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Is list comprehension on its way into the language? Or is that just a
rumour, based on Greg's patch?

And - as allways, I can't leave the syntax alone without a suggestion
of my own... Greg's patch works like this (among other things):

[(i, s) for i in nums for s in strs]

To me, this sounds a bit like

[(i, s) for i in [nums for s in strs]]

which I guess doesn't give much meaning. I think the syntax would be
clearer (and more natural language-like) with an "and" instead of the
"for"s, after the first one. The first ones marks that this is the
list of (i, s) for all of the "i"s and all of the "s"s given. Thus:

[(i, s) for i in nums and s in strs]

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  • William Tanksley at Dec 13, 1999 at 1:25 am

    On 13 Dec 1999 01:39:12 +0100, Magnus L. Hetland wrote:
    Is list comprehension on its way into the language? Or is that just a
    rumour, based on Greg's patch?
    I hope it's going it.
    And - as allways, I can't leave the syntax alone without a suggestion
    of my own... Greg's patch works like this (among other things):
    The amusing thing is that I tried to do the exact same thing as you're
    about to try.
    [(i, s) for i in nums for s in strs]
    To me, this sounds a bit like
    [(i, s) for i in [nums for s in strs]]
    which I guess doesn't give much meaning. I think the syntax would be
    clearer (and more natural language-like) with an "and" instead of the
    "for"s, after the first one. The first ones marks that this is the
    list of (i, s) for all of the "i"s and all of the "s"s given. Thus:
    [(i, s) for i in nums and s in strs]
    First of all, notice that "nums and s" is a valid parse of the middle of
    this string. Thus, it's ambiguous.

    Second, even if it wasn't, you forgot that 'if' is a valid keyword in such
    a comprehension.
    Magnus
    --
    -William "Billy" Tanksley, in hoc signo hack
  • Greg Ewing at Dec 13, 1999 at 1:27 pm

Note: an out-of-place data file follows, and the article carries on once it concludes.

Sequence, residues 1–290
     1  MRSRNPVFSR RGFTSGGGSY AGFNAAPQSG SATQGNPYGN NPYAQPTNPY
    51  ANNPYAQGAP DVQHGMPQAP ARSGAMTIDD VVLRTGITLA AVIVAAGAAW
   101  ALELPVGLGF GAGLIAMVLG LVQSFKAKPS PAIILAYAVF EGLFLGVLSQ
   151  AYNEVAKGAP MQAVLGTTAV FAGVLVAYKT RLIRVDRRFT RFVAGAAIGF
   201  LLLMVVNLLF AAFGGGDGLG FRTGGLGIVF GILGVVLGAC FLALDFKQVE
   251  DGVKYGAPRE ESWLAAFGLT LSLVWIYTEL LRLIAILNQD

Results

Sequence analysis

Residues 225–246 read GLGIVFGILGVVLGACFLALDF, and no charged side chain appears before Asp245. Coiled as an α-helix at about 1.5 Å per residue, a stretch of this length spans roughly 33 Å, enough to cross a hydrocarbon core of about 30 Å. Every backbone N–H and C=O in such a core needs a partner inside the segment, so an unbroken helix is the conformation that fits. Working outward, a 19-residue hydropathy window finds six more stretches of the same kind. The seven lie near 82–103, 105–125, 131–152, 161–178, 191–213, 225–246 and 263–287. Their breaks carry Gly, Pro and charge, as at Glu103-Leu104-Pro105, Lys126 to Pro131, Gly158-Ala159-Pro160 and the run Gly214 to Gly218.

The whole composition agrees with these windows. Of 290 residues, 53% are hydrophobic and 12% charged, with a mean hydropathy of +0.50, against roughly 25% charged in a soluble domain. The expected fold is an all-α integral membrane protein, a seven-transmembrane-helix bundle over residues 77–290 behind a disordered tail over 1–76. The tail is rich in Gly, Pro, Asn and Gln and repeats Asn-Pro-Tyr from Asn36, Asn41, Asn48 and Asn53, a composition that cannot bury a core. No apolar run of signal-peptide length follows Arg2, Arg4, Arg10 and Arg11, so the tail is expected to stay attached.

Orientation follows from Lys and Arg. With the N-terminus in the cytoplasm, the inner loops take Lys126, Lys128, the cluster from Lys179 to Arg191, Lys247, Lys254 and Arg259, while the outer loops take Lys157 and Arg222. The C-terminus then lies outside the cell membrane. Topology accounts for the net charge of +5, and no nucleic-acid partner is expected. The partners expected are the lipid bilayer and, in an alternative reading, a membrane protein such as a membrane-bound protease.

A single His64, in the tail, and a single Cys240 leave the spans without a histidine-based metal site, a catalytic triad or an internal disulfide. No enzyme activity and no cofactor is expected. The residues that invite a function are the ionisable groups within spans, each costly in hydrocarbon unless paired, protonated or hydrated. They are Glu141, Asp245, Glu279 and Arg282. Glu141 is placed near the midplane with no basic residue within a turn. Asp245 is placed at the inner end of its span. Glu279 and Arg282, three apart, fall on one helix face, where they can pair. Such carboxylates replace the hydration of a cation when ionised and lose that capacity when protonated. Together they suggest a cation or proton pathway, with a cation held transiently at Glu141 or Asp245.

"Magnus L. Hetland" wrote:
    [(i, s) for i in nums and s in strs]
    That would be ambiguous, because it could be parsed as

    [(i, s) for i in (nums and s in strs)]

    It *might* be feasible to use

    [(i, s) for i in nums and for s in strs]

    If I get a spare moment or two one day I'll try this
    and see whether the parser chokes. (Python's parser
    is a bit strange - it's hard to predict what it can
    handle and what it can't.)

    Greg
  • Magnus L. Hetland at Dec 13, 1999 at 10:29 pm

    Greg Ewing <greg.ewing at compaq.com> writes:

    "Magnus L. Hetland" wrote:
    [(i, s) for i in nums and s in strs]
    That would be ambiguous, because it could be parsed as

    [(i, s) for i in (nums and s in strs)]
    Which, in the case that nums is not an empty list, would be

    [(i, s) for i in nums]

    IC. Oh, well... But what about:

    [(i, s) for i in nums, and s in strs]

    This is still grammatically correct English, AFAIK... And the ", and"
    constellation does not have another valid interpretation, does it?

    (Though it might not be really pretty...)
    It *might* be feasible to use

    [(i, s) for i in nums and for s in strs]
    Nice. Much less confusing than just using the *for* directly.

    (Of course, any mechanisms of parallel iteration might be used here if
    they appear... Like [(i, s) for i, s in nums, strs] or something)
    If I get a spare moment or two one day I'll try this
    and see whether the parser chokes. (Python's parser
    is a bit strange - it's hard to predict what it can
    handle and what it can't.) Good :)
    Greg
    --

    Magnus Echelon jamming noise:
    Lie FBI CIA NSA Handgun Assault Bomb Drug Terrorism
    Hetland Special Forces Delta Force AK47 Hillary Clinton

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